There are health benefits to be found in the peels of many fruits and vegetables. Peeling their vegetables and fruits is a common practice, but in many cases, this step is unnecessary.
In Fact, the Peel Contains a Variety of Vital Nutrients
Peels have an impact on the surrounding ecosystem, which is yet another argument against throwing them away. When it comes to preparing fruit and vegetables, many people’s first instinct is to peel them. However, in many cases, doing so is not required. The peel contains vital nutrients that are often overlooked. In addition to this, the peels of fruits and vegetables that are thrown away are a contributor to climate change.
Fruits and vegetables are packed with essential nutrients, including vitamins, minerals, fiber, and a wide variety of phytochemicals, which are found in plants and include antioxidants (substances that protect your cells from harm). Consuming insufficient amounts of foods that are rich in nutrients is associated with an increased risk of developing chronic diseases such as cardiovascular disease and type-2 diabetes.
According to the most recent findings from the World Health Organization (WHO), insufficient consumption of fruit and vegetables is responsible for approximately 3.9 million deaths each year across the globe. Many individuals struggle to meet the World Health Organization’s recommendation of consuming 400 grams of vegetables and fruits on a daily basis. Therefore, would the consumption of the peels of fruits and vegetables, which are rich in important nutrient content, help resolve this problem?
They Are Capable of Making a Contribution
For instance, the peel of seven different root vegetables, including beetroot, field mustard, wild carrot, sweet potato, daikon, ginger, and white potato, contains nutritionally significant amounts of minerals and vitamins. Vitamin C and riboflavin are two examples of vitamins, while iron and zinc are two examples of minerals.
In addition, research conducted by the United States Department of Agriculture found that unpeeled apple varieties contained 15% more vitamin C, 267% more vitamin K, 20% more calcium, 19% more potassium, and 85% more fiber compared to their peeled counterparts. Additionally, many peels contain a high concentration of phytochemicals that are biologically active. These phytochemicals, such as flavonoids and polyphenols, have antimicrobial and antioxidant effects.
Peels Have an Impact on the Surrounding Ecosystem
This is yet another argument against throwing them away. The Food and Agriculture Organization of the United Nations estimates that unused food, including peel, is responsible for between 8 and 10 percent of the world’s total greenhouse gas emissions. (Methane, the most powerful of greenhouse gases, is produced when food decomposes in landfills.) Even though it has inhabitants of only 5.1 million citizens, New Zealand observes that it throws away 13,658 tons of vegetable peels and 986 tons of fruit peels each year.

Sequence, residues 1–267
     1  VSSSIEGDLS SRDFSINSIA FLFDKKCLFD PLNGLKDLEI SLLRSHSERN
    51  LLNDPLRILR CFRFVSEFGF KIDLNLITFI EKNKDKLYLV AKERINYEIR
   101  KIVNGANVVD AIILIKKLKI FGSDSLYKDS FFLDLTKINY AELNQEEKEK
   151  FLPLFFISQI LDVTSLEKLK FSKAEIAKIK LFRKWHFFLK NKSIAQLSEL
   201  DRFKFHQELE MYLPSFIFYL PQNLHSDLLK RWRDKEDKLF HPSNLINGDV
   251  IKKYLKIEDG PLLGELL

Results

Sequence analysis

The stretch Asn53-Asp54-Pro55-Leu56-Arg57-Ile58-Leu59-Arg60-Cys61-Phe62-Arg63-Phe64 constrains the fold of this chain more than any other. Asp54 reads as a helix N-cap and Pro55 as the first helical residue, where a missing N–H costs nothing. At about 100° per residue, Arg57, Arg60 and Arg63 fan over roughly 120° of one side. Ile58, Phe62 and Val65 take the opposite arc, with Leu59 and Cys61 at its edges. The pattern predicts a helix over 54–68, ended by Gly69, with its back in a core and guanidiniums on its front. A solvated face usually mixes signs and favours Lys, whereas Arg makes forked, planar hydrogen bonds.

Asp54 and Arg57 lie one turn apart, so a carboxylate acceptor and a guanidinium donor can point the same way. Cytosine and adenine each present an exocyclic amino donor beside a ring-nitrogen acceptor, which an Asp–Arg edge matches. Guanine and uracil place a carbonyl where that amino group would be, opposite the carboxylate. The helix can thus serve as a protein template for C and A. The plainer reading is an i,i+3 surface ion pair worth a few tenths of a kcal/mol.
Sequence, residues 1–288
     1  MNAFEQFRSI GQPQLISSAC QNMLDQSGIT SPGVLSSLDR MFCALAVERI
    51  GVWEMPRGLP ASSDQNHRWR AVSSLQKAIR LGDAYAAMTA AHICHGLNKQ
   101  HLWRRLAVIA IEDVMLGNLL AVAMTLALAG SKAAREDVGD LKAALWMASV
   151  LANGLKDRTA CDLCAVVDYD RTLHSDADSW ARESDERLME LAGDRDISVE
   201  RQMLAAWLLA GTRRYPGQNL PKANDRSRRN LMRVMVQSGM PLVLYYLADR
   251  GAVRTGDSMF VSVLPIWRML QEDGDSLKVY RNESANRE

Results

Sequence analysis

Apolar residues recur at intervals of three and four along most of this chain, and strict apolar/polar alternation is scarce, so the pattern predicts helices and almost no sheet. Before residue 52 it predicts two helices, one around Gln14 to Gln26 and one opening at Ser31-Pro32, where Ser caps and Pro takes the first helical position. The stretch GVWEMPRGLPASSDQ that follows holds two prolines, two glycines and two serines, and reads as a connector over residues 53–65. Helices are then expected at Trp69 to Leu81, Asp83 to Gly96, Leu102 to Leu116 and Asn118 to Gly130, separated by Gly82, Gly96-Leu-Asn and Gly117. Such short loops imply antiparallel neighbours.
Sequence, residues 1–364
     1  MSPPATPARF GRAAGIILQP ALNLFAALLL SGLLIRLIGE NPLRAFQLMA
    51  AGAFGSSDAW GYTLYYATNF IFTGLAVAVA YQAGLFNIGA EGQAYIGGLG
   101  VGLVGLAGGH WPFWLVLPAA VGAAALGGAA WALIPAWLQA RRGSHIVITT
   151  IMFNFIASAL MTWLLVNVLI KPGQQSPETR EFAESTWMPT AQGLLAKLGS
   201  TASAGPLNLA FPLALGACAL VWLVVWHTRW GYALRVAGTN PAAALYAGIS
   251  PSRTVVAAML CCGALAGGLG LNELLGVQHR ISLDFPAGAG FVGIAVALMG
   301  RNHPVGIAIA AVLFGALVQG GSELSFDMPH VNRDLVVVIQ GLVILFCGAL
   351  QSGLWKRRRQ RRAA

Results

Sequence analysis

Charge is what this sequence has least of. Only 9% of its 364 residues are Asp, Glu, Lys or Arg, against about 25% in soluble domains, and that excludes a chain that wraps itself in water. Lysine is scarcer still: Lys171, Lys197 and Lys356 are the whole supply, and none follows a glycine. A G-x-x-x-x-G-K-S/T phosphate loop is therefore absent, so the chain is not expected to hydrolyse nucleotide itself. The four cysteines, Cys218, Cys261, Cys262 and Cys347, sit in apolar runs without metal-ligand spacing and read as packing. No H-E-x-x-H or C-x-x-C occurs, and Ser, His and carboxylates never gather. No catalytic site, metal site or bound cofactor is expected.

Why then do people bother peeling fruit and vegetables, given that the peel already contains a significant amount of nutrients and that it contributes to the waste of food? Some foods, such as bananas, oranges, melons, pineapples, mangoes, avocados, onions, and garlic, need to have their skins peeled because the outer layers are poisonous, do not taste good, are difficult to clean, or all of the above. Additionally, peeling may be an essential step in the preparation process, as is the case when making mashed potatoes, for instance. But despite the fact that the peels of many foods—including potatoes, beets, carrots, kiwis, and cucumbers—are edible, most people remove them.
Peeling fruit and vegetables may be done by those who are concerned about the presence of pesticides on the outer layer of the food. There is no question that pesticide residues are stored on or just beneath the surface, but the depth to which they are buried varies greatly depending on the species of plant. On the other hand, washing can get rid of the majority of these residues. It is recommended by the Food and Drug Administration of the United States that people wash their produce meticulously under cold water and clean it with a bristle brush to remove any chemicals, dirt, or pesticides that may be on it.
Cooking methods like boiling and steaming, for example, can help decrease the amount of pesticide gunk left on food. However, having to wash your produce and cook your food does not get rid of all pesticide residues. Individuals who are worried about the number of pesticides they are exposed to might prefer to peel the fruit anyway. In some nations, such as the United Kingdom, you can obtain a list of the pesticides that are contained in various types of fruit and vegetables by contacting the Pesticide Action Network. This can assist you in determining which fruits and vegetables require peeling and which ones can have their peels consumed.
Do Your Research
There is a wealth of information available online that can assist you in finding out more about the peels of fruits and vegetables, as well as what you can do with them. This information includes guidance on how to utilize peels for composting, to feed a wormery, or to incorporate them into recipe ideas. You can contribute to the reduction of waste and raise the amount of fruit and vegetables you consume with some research and ingenuity on your part. Isn’t it at least worth a shot? You will also be contributing to one of the United Nations’ Sustainable Development Goals, which is to halve the amount of food that is wasted by the year 2030.